Suspensions are fairly serious punishments that are usually issued for severe or repeated marketplace rules violations. But they may also be handed out in error, or to protect a legitimate user’s account from being hijacked by a bad actor to use for further violations.
In that light, here are some tips for how marketplace Trust and Safety teams should manage suspending users.
Spell out suspension conditions clearly
Include as part of the marketplace’s guidelines a fairly complete (but not overly exhaustive) list of reasons why an account may be suspended. Specify (as best as possible) when suspensions will be temporary or permanent, as well as how long temporary suspensions will last.
Also, be sure to list situations in which a user’s account may be suspended without them necessarily doing anything wrong. Usually, this will include protecting their account from a potential hack or takeover.
Consider implementing a tiered suspension system
Some marketplaces have systems of escalating consequences – of which suspension is usually one – for repeated rules violations. For example, a Youtube account suspension usually occurs after three incidents of rules violations within a given time period. This results in a temporary suspension the first time; the second time, the suspension may be permanent.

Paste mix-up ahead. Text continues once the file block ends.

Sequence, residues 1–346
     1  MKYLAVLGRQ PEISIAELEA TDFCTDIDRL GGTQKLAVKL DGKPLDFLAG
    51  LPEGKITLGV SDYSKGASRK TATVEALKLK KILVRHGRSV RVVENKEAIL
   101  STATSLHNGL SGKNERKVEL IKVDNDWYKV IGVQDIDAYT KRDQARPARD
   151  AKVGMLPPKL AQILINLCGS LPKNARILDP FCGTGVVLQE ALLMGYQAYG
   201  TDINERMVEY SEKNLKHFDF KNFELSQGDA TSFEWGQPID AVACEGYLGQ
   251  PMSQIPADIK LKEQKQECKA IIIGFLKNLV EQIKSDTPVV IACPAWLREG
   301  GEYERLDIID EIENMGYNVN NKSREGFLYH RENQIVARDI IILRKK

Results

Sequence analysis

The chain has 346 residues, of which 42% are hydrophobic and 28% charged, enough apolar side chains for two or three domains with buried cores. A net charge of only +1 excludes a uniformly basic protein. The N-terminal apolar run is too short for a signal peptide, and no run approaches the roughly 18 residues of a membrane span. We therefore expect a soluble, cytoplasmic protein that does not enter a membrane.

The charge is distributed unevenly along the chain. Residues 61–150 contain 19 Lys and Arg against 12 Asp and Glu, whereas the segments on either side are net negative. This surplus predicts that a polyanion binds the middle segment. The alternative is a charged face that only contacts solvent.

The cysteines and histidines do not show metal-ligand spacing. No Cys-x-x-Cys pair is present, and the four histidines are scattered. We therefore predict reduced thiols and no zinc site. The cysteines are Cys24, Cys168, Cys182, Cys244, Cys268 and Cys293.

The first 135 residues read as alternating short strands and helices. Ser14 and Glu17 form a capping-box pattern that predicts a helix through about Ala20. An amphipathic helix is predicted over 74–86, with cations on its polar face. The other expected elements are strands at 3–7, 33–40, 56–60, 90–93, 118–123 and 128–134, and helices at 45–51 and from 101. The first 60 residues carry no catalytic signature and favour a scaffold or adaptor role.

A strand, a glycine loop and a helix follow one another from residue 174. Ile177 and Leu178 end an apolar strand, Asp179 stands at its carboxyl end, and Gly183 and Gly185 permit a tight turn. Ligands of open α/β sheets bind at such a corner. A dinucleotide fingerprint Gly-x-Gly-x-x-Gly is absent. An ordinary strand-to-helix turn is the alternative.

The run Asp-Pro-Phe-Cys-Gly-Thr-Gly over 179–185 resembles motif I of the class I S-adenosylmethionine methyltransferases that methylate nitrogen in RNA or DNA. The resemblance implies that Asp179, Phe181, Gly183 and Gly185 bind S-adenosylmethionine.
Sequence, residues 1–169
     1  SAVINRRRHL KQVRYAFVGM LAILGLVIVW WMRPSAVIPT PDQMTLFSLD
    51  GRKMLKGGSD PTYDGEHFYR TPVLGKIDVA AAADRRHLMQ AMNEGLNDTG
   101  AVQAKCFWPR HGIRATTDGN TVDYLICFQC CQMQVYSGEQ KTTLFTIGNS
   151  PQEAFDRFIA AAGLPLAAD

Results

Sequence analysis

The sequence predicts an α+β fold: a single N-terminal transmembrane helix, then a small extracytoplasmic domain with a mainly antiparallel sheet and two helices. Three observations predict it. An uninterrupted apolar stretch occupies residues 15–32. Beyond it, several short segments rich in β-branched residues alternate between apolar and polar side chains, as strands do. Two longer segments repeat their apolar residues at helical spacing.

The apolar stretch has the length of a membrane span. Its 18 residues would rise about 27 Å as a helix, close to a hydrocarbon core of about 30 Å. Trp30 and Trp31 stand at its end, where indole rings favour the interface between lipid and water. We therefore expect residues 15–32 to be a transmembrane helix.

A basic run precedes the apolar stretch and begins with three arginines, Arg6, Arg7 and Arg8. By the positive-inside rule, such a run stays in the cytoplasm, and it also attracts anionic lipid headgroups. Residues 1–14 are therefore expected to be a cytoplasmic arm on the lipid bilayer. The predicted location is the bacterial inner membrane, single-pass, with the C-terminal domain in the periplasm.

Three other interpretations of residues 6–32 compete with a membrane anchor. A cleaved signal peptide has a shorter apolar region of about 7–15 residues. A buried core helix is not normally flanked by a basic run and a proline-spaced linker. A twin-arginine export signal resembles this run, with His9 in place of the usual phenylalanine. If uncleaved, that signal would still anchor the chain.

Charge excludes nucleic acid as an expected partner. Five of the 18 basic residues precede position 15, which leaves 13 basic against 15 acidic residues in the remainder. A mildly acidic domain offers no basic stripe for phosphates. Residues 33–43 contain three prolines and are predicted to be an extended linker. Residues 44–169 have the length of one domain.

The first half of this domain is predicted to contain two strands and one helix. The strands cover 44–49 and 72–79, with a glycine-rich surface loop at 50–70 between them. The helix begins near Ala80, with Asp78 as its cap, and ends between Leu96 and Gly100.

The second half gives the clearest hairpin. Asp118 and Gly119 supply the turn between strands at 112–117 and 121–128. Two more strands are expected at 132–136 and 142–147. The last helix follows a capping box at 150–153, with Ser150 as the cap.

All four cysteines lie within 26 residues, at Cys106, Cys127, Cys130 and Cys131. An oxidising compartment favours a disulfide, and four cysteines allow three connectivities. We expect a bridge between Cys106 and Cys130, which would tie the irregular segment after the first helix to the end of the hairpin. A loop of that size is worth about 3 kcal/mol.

Again, if using such a setup, clearly outline how it works in the marketplace’s Trust and Safety guidelines. Be sure to include stipulations that particularly egregious rules violations may have their consequences immediately escalated to suspensions, even with a lack of prior infractions.
Notify users when they are suspended, and give a reason
If a Trust and Safety team is forced to suspend a user’s account, it should send an account suspension notice to that user. The notice should include the rules violation(s) the user was suspended for (as specific as possible), whether the suspension is temporary or permanent, and how long the suspension will likely last (if not permanently).